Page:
Landscape and Literature 1830-1914: Nature, Text, Aura by R. Ebbatson

By R. Ebbatson

This research examines the important centrality of 'readings' of nature in quite a few literary kinds within the interval 1830-1914. it truly is exploratory and unique in strategy, stressing the philosophical and cultural implications in various texts from Tennyson, Hardy, Jefferies and Thomas.

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There hath he lain for ages and will lie Battening upon huge seaworms in his sleep, Until the latter fire shall heat the deep; Then once by man and angels to be seen, In roaring he shall rise and on the surface die. 23 The text, with its potent evocation of ‘the abysmal sea’, speaks precisely to what Adorno defines, in relation to lyric form, as ‘the ponderous depth which resides under its weightless song’ (Adorno, 216). , 216). , 217). , 218). , 220) – the lyric poet ruinously compelled or tempted to emerge from a ‘secret cell’ as a participant in the ‘administered society’ of the exchange economy with those potentially debilitating results which, arguably, Tennyson’s own later career, the ‘damaged life’ entailed by the Laureateship, would illustrate.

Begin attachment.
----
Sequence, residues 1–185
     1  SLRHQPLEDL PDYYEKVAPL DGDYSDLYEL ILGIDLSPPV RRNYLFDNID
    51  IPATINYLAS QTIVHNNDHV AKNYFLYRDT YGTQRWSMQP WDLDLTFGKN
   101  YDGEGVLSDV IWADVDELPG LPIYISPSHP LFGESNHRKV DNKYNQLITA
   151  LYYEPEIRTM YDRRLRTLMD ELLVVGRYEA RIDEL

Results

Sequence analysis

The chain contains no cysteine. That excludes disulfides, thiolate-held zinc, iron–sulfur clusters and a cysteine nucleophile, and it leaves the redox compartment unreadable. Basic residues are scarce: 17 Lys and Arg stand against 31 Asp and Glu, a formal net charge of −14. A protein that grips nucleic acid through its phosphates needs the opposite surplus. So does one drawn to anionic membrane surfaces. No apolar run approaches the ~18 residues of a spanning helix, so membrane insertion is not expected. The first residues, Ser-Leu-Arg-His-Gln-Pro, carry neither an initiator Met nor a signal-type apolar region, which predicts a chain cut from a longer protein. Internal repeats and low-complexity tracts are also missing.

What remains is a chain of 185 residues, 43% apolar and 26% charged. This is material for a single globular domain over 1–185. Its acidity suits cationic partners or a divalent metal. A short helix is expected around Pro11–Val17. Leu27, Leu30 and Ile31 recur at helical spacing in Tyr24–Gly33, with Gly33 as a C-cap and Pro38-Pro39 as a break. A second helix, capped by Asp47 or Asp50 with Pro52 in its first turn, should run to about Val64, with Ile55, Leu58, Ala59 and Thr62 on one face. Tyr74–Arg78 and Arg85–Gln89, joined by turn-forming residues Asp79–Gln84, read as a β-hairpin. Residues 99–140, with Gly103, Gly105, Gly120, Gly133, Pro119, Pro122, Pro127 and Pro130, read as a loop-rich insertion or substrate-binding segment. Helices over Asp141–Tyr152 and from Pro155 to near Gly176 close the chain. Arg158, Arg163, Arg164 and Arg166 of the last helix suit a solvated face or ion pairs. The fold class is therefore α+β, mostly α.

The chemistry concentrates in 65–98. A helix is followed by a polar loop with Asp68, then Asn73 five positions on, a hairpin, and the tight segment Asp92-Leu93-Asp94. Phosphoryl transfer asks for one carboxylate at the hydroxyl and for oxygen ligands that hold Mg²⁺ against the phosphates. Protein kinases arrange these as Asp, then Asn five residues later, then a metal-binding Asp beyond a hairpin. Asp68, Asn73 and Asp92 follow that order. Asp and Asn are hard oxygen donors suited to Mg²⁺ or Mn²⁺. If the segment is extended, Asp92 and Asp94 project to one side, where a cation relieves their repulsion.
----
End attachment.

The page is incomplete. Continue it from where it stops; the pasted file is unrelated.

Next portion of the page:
3 Locksley Hall: Progress and Destitution The composition of Locksley Hall during 1837–8 coincided with the foundation of the Corn Law League, the promulgation of the People’s Charter and the controversy over the enforcement of the New Poor Law, whilst its moment of publication in 1842 was marked by the riots ensuing upon the rejection of the Chartist petition. 1 Tennyson’s poem is precariously balanced between Utopian and scientifically orientated visions of the future, as when the feverish protagonist recounts how he dipped ‘into the future far as human eye could see’ and ‘Saw the Vision of the world, and all the wonder that would be’,2 and acquired an ominous sense of social change: ‘Slowly comes a hungry people, as a lion creeping nigher,/Glares at one that nods and winks behind a slowly-dying fire’ (LH, ll.

10 Locksley Hall itself, as a building, thus comes to represent the haunted Otherness pertaining to colonial history, a history in which the law of the Father is constantly redefined, undermined or hybridised in a process through which the coloniser becomes as it were orphaned to himself. Tennyson’s Oedipal variant fuels the hero’s Stevensonian desire to ‘burst all links of habit’: …there to wander far away, On from island unto island at the gateways of the day. (LH, ll. 157–8) Here, under ‘Breadths of tropic shade’, where ‘never floats an European flag’, life appears to offer a Lotos-like refuge from modernity: Droops the heavy-blossomed bower, hangs the heavy-fruited tree – Summer isles of Eden lying in dark-purple spheres of sea.

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